Hooks in Base Code
Jim at devzero.net
Thu Jul 19 13:56:53 CEST 2007
Giles Jones wrote:
> Jim McDonald <Jim at devzero.net> wrote :
> This is why you send the event to the notification system and then wait for the response. The notification system would read the users rules and act appropriately.
> For an incoming call if you had a rule which says you are busy then the process would be as such:
> 1.Phone process receives incoming call event.
> 2.Phone process sends call details and incoming call event to notification system.
> 3.Notification system checks user settings.
Agree up until now, but this is the bit where we diverge; I believe that
if done properly there could be any number of responses to the fact that
there is an incoming call, and they won't all fit happily in to a
simplistic event code model.
Let's pick a simple example mentioned earlier on the list, where the
'phone is set to reject all calls but if someone calls three times in
five minutes then you want to make the 'phone ring because it may be
urgent. Now, the really important bit here is not the technical details
of how it accomplishes the requirement but the fact that it is highly
questionable if you want to put this type of functionality within your
base 'phone. It being just one of no doubt 100 esoteric features that
end users will come up with you don't want to be faced with a massive
set of options or a slow 'phone because it's checking so many things
every time someone calls you. You want this to be a much more flexible
system, and to do that you need to think of the 'notification' system as
a central messaging hub where it can pass on the fact that there is an
incoming call, along with the details of that call, to any module that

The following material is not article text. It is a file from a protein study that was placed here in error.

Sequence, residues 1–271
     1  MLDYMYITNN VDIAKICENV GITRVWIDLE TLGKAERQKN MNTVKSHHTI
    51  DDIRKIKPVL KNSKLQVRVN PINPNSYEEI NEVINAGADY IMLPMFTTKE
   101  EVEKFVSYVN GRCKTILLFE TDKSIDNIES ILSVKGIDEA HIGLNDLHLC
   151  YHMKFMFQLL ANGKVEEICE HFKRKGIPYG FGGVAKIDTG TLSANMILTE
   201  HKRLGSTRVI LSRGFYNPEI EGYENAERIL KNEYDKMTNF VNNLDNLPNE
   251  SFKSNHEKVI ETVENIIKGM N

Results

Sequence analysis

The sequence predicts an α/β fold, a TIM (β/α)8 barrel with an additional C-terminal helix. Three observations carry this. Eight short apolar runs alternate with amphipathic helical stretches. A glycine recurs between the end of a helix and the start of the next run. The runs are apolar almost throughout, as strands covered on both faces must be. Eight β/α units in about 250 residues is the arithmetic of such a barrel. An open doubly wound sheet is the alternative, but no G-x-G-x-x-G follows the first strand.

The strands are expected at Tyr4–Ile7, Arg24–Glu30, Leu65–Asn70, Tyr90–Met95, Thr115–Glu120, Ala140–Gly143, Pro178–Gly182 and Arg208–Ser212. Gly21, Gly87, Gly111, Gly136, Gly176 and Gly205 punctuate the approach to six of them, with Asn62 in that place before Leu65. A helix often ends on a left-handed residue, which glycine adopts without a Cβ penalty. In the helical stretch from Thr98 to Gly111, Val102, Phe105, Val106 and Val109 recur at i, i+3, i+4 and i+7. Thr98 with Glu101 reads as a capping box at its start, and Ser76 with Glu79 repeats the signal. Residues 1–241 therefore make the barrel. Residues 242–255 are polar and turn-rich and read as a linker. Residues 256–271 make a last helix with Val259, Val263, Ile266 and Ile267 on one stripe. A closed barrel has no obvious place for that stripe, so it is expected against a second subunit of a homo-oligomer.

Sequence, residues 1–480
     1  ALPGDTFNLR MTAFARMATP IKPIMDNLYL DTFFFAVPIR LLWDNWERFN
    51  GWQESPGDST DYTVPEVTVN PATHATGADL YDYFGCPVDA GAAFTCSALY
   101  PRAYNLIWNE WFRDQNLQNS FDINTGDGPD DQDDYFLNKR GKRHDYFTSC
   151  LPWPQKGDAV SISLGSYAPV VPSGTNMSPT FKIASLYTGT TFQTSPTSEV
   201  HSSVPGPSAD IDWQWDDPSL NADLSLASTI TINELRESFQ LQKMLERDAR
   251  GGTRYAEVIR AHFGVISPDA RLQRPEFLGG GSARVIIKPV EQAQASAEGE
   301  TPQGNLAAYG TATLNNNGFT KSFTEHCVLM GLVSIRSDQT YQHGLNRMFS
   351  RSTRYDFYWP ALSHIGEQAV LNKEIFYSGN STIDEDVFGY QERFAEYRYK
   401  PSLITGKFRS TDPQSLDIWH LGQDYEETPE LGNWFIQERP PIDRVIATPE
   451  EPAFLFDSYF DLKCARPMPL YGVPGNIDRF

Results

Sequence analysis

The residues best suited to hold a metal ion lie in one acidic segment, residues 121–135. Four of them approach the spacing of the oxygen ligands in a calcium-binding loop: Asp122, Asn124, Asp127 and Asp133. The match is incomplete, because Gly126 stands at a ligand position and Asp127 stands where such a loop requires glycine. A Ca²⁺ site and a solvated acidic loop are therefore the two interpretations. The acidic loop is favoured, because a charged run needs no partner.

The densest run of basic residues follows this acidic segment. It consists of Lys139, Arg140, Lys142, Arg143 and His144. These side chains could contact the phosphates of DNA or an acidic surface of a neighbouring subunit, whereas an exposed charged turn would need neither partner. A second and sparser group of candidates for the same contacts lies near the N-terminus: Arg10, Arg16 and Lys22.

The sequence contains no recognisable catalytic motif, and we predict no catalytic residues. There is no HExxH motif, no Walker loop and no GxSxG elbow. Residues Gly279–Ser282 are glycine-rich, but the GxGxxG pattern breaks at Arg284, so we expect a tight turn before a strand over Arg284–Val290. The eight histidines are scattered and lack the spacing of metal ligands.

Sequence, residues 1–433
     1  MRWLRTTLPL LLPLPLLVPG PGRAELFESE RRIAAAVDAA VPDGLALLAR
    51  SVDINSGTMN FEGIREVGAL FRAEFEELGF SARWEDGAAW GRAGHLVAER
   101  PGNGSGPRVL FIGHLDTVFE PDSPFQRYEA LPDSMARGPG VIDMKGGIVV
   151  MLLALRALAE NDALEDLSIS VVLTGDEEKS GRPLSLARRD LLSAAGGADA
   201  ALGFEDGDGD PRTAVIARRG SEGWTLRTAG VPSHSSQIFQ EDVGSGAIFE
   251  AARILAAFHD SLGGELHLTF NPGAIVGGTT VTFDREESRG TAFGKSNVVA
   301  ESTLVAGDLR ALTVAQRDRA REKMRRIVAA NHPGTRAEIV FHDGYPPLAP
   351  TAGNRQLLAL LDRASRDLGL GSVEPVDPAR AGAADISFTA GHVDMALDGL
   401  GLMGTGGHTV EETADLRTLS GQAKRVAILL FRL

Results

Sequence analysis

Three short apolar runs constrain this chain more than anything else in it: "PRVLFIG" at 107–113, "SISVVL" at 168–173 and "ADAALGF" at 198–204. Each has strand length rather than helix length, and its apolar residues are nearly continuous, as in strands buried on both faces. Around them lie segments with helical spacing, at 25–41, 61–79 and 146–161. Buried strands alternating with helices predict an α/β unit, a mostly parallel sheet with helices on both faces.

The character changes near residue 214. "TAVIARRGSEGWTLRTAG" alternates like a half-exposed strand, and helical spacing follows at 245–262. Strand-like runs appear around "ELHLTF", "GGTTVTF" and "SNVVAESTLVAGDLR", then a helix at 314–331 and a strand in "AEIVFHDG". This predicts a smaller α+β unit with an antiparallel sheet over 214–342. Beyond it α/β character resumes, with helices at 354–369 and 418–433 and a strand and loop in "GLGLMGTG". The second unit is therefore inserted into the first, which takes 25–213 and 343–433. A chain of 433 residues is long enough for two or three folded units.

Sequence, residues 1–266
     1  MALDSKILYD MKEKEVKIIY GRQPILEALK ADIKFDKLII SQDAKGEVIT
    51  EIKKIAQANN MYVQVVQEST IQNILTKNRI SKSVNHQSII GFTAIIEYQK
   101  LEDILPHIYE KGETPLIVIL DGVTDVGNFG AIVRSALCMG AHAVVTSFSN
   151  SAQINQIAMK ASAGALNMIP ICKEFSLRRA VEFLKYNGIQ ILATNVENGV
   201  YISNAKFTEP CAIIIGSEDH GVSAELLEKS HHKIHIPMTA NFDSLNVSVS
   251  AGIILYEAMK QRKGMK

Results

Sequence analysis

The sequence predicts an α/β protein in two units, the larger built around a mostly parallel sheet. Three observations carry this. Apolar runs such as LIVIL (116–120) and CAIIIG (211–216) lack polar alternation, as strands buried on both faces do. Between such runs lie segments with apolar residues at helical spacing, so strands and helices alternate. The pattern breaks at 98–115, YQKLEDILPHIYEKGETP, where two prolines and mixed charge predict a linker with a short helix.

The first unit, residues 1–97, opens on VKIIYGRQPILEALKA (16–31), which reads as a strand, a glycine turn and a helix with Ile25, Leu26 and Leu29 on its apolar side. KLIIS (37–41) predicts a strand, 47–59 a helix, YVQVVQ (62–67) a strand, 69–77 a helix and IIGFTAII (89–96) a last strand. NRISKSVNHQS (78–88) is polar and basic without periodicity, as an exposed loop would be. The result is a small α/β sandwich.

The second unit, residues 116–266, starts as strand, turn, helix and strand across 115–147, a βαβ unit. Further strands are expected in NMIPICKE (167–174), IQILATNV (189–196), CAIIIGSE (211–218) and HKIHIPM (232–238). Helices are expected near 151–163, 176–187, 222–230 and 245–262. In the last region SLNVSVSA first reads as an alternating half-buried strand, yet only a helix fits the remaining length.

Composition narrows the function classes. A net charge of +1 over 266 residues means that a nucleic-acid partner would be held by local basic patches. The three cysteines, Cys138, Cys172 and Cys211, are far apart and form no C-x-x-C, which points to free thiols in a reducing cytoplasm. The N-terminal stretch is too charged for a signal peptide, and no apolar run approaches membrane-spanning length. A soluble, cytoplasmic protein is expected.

may want to do something with it.
The other key thing to realise here is that each of these modules will
be a nice and simple beast that understands its own job and neither
knows nor cares about what is going on elsewhere in the system. Writing
a piece of code that will carry out the above function is simple, but if
it was to be inserted in to gsmd (or the notification system) then it
would be a much bigger task as you need to understand how the existing
system works, where your code fits, write something, send it in as a
patch, get it reviewed, and finally in the next major release of the
software it will show up.
(Also bear in mind that incoming calls are a very simple example as
there is not much that I can think of doing with them off-hand.
However, if you start to think about outgoing calls there are many more
things that you may want to do, including allowing/not allowing the call
(for child or business 'phones), routing the call through another system
(calling cards), sending/not sending your caller ID with the call,
allowing/not allowing calls to call anyone not in your address book,
only allowing non-business calls outside of business hours, who knows?
The point is that every time we build a static code path we're limiting
the ability of the next person to do something we didn't think of, which
makes the whole thing less free than we would like.
I'd again say to look to the Firefox extensions system as a good example
of where this has worked well, and not only gives people lots more
freedom in how they surf the web but has made the browser far more
powerful (and successful) that it could have been with any single set of
developers while at the same time making it easy for outside developers
to add to the product with minimal, if any, knowledge of the existing
codebase. I think that is the model that openmoko should be trying to
emulate, otherwise we'll just end up with an open source 'phone with all
of the inflexibility of a closed source 'phone (to the majority of
people that might use it), and that doesn't seem to be a great leap
forward from where things are today.
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